Is music a universal language?

Music strongly depends on society and culture. Different people in different countries produce different music. For example, African music, Western classical music, Japanese and Gamelan music all sounds very different. Obviously, geography is not the only responsible for this phenomenon. Even in the same place, we have radically different types of music depending on the period. For example, 18th century classical European music is remarkably different from 20th century European serial music.


Nonetheless, it is possible to identify a bunch of core constructs that are shared by all types of music. Those common traits are called musical universals. Of course, it is almost impossible to demonstrate the universality of a musical trait. Rather, one can look for the same common trait within different cultures and postulate its universality based on statistical inference. Furthermore, some common traits are less “universal” than others, since they don’t appear in all of the musical styles, but only in most of them. We call those constructs quasi musical universals.

Musical universals help us understand how human mind works. They are related to basic cognitive phenomena shared by all humans. Specifically, musical universals shed a light on how human mind perceives, organizes, stores and elaborates musical information. This knowledge can be then generalized in order to transcend the musical domain, and become a starting point to understand how human mind behaves.

Here I provide a couple of non-inclusive lists of musical universals based on the pioneering work of Kathleen Marie Higgins. The first list is about processing universals of music perception:

  1. We distinguish signals from noise.
  2. We perceive musical information in chunks.
  3. We perceive a tone an octave away form a given tone as effectively the same tone.
  4. We organize musical signals in terms of melodic contour.
  5. We more easily remember intervals and sequences of tones with frequencies in small-integer ratios with one another (consonances).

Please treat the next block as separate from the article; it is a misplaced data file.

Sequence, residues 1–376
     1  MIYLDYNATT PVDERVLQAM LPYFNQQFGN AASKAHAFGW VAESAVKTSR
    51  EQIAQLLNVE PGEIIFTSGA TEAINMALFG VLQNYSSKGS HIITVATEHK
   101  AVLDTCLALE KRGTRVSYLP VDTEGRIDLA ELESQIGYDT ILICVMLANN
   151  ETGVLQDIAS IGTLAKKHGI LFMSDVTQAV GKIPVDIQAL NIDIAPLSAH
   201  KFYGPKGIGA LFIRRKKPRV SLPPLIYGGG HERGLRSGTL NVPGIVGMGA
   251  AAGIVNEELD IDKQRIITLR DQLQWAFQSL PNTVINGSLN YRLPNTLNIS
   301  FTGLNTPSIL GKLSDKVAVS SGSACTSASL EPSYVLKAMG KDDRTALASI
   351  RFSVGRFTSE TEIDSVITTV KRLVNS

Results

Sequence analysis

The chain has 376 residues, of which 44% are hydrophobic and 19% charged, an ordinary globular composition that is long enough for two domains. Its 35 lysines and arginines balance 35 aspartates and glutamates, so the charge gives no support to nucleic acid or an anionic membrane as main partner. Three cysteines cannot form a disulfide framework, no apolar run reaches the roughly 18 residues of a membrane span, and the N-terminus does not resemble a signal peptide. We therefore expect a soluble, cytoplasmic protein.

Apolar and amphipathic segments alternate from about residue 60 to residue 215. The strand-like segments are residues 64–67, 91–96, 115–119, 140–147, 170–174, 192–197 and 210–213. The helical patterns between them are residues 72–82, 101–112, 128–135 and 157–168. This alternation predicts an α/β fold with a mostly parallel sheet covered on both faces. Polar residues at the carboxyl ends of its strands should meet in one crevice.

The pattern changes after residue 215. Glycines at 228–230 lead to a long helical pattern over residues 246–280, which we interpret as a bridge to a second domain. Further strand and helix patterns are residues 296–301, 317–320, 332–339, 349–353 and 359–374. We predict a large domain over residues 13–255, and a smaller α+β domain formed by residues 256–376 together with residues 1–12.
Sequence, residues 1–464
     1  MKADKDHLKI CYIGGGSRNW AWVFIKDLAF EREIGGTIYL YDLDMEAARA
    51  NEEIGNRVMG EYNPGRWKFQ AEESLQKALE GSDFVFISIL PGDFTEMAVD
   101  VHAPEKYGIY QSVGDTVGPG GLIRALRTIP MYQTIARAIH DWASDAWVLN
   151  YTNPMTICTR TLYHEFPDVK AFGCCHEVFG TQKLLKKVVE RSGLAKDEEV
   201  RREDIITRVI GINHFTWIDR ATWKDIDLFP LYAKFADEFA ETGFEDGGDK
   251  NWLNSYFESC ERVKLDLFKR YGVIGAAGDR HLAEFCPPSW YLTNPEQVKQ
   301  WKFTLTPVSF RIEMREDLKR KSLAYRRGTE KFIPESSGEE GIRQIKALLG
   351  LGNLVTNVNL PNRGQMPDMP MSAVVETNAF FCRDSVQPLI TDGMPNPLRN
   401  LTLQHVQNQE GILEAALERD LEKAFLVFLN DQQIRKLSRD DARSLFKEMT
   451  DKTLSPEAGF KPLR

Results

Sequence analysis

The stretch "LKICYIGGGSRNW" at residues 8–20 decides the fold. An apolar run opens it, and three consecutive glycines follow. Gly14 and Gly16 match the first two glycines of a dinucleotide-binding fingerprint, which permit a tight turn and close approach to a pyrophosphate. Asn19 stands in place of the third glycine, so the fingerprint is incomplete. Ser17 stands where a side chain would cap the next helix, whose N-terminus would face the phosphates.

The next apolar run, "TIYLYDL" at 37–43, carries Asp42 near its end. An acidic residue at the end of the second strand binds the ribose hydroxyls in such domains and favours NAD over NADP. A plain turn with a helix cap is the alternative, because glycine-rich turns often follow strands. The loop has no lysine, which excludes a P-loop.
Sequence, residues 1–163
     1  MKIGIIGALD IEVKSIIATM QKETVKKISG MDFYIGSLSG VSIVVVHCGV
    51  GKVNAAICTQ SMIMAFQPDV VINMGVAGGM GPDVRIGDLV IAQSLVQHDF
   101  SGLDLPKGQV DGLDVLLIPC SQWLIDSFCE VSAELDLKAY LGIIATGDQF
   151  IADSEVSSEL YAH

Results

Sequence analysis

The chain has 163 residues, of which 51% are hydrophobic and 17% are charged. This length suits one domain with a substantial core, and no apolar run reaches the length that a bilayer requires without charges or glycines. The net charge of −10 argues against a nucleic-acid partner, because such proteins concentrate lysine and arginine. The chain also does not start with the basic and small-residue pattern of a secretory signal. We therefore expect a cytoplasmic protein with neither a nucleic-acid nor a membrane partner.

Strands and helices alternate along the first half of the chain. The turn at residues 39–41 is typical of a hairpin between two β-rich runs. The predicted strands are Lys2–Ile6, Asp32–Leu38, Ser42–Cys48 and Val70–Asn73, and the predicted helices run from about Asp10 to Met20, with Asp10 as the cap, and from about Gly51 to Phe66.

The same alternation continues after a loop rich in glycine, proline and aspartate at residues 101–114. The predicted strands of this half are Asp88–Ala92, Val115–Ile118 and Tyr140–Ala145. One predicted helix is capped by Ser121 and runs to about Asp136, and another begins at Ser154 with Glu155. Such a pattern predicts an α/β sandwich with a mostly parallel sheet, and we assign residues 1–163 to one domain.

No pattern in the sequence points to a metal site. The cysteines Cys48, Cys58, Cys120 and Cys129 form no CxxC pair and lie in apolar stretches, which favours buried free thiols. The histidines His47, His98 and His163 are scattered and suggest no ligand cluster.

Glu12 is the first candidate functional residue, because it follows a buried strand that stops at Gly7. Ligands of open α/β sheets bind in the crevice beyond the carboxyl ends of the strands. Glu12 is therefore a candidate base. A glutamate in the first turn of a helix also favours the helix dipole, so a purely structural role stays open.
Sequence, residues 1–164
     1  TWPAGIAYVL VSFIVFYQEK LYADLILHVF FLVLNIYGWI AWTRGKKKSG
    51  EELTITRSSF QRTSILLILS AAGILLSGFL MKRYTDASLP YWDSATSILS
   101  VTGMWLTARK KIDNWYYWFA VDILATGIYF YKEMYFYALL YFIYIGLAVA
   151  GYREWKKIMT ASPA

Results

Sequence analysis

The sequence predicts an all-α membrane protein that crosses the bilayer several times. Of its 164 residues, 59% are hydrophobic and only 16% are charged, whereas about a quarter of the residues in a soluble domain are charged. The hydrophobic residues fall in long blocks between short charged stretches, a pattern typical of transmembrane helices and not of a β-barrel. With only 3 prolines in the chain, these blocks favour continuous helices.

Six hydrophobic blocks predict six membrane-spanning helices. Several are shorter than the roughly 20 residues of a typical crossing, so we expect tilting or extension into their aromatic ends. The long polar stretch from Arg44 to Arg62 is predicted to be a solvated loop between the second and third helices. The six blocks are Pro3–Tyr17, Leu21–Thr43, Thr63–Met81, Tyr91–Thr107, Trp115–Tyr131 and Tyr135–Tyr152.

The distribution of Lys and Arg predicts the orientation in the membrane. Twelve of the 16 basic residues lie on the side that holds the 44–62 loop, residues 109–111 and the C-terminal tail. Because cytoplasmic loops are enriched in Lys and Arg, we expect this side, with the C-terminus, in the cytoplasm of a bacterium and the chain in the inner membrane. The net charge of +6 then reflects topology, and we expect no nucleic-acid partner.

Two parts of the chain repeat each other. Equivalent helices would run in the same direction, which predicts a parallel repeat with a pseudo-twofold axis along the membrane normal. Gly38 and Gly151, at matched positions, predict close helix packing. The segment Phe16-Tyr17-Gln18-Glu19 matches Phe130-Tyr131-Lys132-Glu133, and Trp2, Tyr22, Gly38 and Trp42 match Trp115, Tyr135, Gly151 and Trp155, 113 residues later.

6. We utilize frameworks of discrete scale pitches, typically with uneven step-size.
  7. Scales tend to be restricted to five to seven tones.
  8. Pitches are organized hierarchically within the scale.

The following list is about universals in structuring musical pieces:

  1. Music is made in “pieces” or “utterances”.
  2. Melodies tend to be constructed on the basis of fairly small successive intervals.
  3. Almost all musical cultures employ a centering tone or other sort of goal-defining device.
  4. Musical utterances tend to descend in pitch at the end.
  5. Internal repetition is typical within musical utterances.
  6. Music is organized in hierarchical structures.
  7. Nearly universal tendency to construct rhythms on the basis of patterns of twos and threes.

Musical universals are direct manifestation of the human biological/psychological inner constructs. Although music is highly influenced by society and culture, however, thanks to musical universals, it is possible to claim that music can be regarded as a universal language shared by all humans.


2 thoughts on “Is music a universal language?

  1. Mmmm, I like this painting of Matisse, in the same year 1910, he also painted another one named “Music”, both are very sensual, the use of a few primary colours, but the subject were perhaps a bit too much for that era?! Sorry… I also like what you write! Thank you.

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